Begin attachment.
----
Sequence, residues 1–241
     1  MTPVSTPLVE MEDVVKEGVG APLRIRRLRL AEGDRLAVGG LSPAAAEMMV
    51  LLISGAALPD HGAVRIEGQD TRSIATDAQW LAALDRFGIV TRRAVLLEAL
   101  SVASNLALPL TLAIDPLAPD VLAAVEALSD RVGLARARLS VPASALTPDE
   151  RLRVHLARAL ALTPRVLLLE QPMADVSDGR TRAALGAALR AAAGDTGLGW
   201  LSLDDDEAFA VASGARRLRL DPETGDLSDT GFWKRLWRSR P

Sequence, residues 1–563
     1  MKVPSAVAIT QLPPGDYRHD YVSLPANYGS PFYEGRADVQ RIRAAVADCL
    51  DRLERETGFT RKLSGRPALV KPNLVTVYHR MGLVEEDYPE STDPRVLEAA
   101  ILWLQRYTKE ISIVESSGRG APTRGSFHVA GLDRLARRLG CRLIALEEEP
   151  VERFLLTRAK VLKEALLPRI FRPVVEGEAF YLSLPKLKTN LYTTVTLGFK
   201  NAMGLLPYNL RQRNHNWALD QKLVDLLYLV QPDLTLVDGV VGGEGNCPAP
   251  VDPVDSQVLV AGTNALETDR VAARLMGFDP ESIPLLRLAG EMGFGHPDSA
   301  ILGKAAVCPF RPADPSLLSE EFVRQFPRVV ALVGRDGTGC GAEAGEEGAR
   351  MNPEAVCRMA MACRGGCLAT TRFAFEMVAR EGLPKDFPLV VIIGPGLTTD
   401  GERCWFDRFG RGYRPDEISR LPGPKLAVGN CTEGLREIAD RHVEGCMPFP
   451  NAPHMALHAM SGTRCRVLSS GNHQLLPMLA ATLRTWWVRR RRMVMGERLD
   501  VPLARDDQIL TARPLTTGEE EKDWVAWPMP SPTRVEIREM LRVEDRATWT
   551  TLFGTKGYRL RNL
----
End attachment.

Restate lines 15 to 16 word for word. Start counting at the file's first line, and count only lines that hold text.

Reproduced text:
   351  MNPEAVCRMA MACRGGCLAT TRFAFEMVAR EGLPKDFPLV VIIGPGLTTD
   401  GERCWFDRFG RGYRPDEISR LPGPKLAVGN CTEGLREIAD RHVEGCMPFP